Why Do People Get Nervous and How to Shake it Off

‘Being nervous is not something you should be ashamed of. Nervous means you care, you really want to do well.’ – Paula Creamer

I was waiting at the doctor’s office, anxiously tapping my feet on the ground, taking in short breaths as my heartbeat increased, my palms became clammy with sweat and an electric current intermittently pulsed throughout my body.

I was nervous waiting for my test results.

My mind amuck with thoughts of the worst case “what if” scenarios countered with an over-arching positive belief, “It’s going to be OK. Everything is going to be OK.” As I said that to myself, my name flashed up on the screen, “Rangana, Room 9.”

Have you ever felt nervous? Perhaps like me, waiting for your medical reports, biting your nails prior to the board exams or in-flight as the plane is getting ready to take off.

Nervousness can strike during any stressful situation, for example asking for a raise or before giving birth as the grip of the contractions take hold.

It could have even been as you got ready to experience your first kiss. It felt awkward as you leaned over not sure about what to do and then somehow it happened and it was over. The nervousness subsided.

Nervousness is uncontrollable, often accompanied by physical sensations that rather than detracting from the problem, can amplify it.

Eventually there can be nervousness of nervousness, accompanied by stuttering and an inability to communicate.

Anyone can get nervous.

Surprisingly, even award-winning singer Kelly Clarkson shared, “I’ve never been more nervous in my life than singing the national anthem at the Super Bowl.” For her, it was the biggest stage that she had ever performed on, with the event being televised to millions.

Every time I get ready to go on stage, I feel the butterflies of nervousness in my stomach as they bubble up to my heart making me feel dizzy with light-headedness.

Nervousness and ambition are companions.

It could mean you are pushing through your comfort zones to breakthrough limits.

So why do people get nervous?

According to science, in stressful situations, your brain sends a signal from the pituitary gland to the kidneys where your adrenal gland resides (1).

Once the message from the brain is received, adrenaline is released.

What follows is the fight-flight response where the heart rate increases, muscles tighten, pupils dilate and tingling is felt in the stomach.

This is because blood is redirected from the stomach to the heart and muscles to help you cope with stress.

The body cannot discern between stress prior to an interview versus when under attack. In the latter, you need blood in your muscles to either flight or fight, however, before an interview, the last thing you want to do is run.

The nervous feelings are a deliberate side effect of the body’s response to stress to get the body prepared to cope with it.

Things you can do to overcome it:

1.

Accept nervousness, it’s natural

Nervousness is something that every human being faces, it is not something to panic about. It is a natural symptom of feeling stressed.


2.

Believe in yourself

I remember my friend Fatima sharing that when she was learning to drive and was feeling very nervous she would remember the words of her brother, “You can do this!” and she kept telling the same words to herself over and over again.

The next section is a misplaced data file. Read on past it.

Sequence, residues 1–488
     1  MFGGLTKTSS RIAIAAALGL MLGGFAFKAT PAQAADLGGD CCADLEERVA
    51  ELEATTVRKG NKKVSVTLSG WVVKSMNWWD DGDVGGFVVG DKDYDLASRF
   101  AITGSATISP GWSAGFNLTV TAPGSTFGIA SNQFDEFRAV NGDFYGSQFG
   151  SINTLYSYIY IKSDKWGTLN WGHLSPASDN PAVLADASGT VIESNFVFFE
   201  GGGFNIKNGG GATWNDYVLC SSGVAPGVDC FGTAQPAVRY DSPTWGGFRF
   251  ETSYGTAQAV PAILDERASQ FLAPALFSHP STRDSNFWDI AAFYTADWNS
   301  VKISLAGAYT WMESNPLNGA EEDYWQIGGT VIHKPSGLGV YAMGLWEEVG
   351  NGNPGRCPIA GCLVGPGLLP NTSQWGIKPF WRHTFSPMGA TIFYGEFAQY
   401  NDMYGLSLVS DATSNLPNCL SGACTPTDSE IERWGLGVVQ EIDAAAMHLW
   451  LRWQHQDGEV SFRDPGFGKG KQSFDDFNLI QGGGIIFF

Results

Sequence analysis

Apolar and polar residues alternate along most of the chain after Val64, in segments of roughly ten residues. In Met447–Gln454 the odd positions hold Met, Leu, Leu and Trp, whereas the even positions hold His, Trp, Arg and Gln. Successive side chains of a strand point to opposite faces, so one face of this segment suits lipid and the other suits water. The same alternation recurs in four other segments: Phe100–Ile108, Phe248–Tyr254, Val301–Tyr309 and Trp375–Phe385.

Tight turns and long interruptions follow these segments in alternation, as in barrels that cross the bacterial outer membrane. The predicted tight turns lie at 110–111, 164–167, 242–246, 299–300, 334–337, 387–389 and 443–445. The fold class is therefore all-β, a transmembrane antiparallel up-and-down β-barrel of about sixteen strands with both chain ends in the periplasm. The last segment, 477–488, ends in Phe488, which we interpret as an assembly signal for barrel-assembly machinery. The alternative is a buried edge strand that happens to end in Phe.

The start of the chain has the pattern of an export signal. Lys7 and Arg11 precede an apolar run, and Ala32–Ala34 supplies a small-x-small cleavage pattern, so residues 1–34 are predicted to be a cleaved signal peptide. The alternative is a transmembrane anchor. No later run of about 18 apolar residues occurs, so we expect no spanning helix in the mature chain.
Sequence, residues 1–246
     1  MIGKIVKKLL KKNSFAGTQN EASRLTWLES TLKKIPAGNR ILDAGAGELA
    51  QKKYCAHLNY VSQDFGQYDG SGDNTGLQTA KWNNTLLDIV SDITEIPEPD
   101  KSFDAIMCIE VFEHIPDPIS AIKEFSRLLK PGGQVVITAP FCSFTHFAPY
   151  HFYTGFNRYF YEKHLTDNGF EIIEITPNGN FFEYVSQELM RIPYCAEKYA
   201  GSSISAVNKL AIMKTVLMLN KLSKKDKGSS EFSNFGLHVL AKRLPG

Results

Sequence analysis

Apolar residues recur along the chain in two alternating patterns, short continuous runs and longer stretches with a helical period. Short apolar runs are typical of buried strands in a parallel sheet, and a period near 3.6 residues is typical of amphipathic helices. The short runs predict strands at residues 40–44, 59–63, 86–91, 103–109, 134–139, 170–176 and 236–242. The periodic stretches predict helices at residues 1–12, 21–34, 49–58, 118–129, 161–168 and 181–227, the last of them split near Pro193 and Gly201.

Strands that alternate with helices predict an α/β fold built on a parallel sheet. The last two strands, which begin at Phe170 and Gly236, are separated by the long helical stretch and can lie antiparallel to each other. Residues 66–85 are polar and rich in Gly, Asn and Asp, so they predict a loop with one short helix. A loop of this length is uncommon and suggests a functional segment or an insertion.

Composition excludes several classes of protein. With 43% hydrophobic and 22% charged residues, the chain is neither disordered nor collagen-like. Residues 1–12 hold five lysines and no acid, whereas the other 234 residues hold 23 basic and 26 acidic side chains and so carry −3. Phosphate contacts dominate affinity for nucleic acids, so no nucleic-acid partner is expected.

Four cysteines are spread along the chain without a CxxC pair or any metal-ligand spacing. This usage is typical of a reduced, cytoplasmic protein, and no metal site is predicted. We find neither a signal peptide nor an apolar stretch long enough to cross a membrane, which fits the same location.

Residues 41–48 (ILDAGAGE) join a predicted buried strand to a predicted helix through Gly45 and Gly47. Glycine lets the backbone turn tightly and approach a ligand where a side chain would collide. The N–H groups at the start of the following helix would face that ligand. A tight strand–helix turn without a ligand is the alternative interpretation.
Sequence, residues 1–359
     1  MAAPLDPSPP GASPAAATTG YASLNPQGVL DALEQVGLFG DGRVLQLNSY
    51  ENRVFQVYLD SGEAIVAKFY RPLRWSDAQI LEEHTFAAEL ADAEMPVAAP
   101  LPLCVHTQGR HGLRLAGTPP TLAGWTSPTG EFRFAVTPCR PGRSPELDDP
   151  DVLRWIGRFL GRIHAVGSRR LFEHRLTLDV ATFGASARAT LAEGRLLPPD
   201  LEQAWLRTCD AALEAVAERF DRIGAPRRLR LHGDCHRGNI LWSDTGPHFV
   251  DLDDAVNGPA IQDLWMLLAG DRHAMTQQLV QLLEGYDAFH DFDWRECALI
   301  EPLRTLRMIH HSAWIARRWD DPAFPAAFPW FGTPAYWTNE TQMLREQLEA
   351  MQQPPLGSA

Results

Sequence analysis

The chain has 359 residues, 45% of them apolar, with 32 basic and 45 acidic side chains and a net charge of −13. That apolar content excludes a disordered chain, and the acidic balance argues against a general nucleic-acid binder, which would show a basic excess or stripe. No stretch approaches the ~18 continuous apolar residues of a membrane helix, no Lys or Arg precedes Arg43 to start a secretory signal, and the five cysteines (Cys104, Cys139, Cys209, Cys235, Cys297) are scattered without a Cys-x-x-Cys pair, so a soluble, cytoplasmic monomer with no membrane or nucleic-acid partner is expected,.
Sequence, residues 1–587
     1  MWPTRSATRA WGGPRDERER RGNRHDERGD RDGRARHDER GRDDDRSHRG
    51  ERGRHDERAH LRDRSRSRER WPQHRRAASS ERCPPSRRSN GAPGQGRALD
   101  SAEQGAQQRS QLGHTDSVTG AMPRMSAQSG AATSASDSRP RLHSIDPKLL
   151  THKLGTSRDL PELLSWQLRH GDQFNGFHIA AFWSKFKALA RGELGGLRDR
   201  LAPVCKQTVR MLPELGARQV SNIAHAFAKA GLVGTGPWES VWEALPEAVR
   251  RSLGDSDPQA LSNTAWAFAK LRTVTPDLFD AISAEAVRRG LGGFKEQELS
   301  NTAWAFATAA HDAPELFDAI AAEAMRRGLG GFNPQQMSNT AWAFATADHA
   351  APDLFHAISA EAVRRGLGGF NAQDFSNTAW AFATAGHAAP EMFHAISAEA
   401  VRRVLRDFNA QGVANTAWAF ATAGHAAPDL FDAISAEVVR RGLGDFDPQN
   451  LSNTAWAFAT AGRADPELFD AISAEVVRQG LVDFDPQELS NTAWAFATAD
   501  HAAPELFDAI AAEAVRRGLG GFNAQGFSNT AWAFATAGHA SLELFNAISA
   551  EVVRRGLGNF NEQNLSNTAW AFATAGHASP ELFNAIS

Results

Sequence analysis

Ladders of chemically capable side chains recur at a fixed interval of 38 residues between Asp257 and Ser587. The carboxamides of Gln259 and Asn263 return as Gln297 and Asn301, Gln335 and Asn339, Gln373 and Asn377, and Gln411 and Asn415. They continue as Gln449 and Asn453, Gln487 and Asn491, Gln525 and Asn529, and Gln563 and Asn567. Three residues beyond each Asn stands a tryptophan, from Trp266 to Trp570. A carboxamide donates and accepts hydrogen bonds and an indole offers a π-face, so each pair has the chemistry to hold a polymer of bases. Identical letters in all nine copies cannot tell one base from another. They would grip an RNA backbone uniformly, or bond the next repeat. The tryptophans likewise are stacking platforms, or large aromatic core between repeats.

3.

Just do it

 This is Nike’s tagline, or as author Susan Jeffers would say, “Feel the fear and do it anyway.” Just go out and do what you want without overthinking. You can find many “ifs” and “buts”, instead have trust and faith in yourself and do it anyway!


4.

Prepare and practice

Nervousness can creep in when you might not have prepared enough before an interview or a presentation. I coach my trainers to prepare as well as practice. I remember, the first time I had to share Emotional Freedom Techniques (EFT) with a groups of strangers, I was nervous. So what I did was practice with my friend in Germany over Skype. She gave me feedback and also encouraged me, which made me feel a lot calmer and more in control.


5.

Journal Writing

Put pen to paper and write down your thoughts and feelings about what you are feeling nervous about. The act of getting it all out in a journal is a healthy mental outlet, making you feel calmer.


6.

Meditation

 Experts have proven that meditation can reduce the negative effects brought about by nervousness (2).


7.

Tap out the nervousness

Use Emotional Freedom Techniques (EFT) also known as tapping to reduce the nervous symptoms and restore calmness. The technique is clinically proven to lower stress, anxiety, tension and fear. Learn EFT for yourself.

Learn how EFT Tapping heals

Emotional Freedom Techniques (tapping) is clinically proven to lower stress, tension, anxiety, past-trauma to enable health, happiness and vitality.


8.

Sleep

 Lack of proper sleep can also make you feel nervous as your brain needs enough rest to function at its optimal best. If the brain does not get enough rest then it is unable to process the information properly and starts to generate stress hormones which create nervousness and anxiety.


9.

Shake it off

When you feeling nervous just stand up and shake it off. Shake your arms and legs and breathe in and out.

So, the next time when you’re nervous, just accept it, focus on your conscious mind and take that step!

Love

Dr. Rangana Rupavi Choudhuri (Ph.D.)

In Summary, with acceptance and conscious mind, you need to handle your nervousness.


Disclaimer: The information on this website is purely for educational purposes and does not in any way replace the requirement for medical and psychological diagnosis and treatment. Please do seek professional medical and psychological diagnosis and advice for all medical and mental health conditions. It is advised to always book any consultations with qualified professionals.


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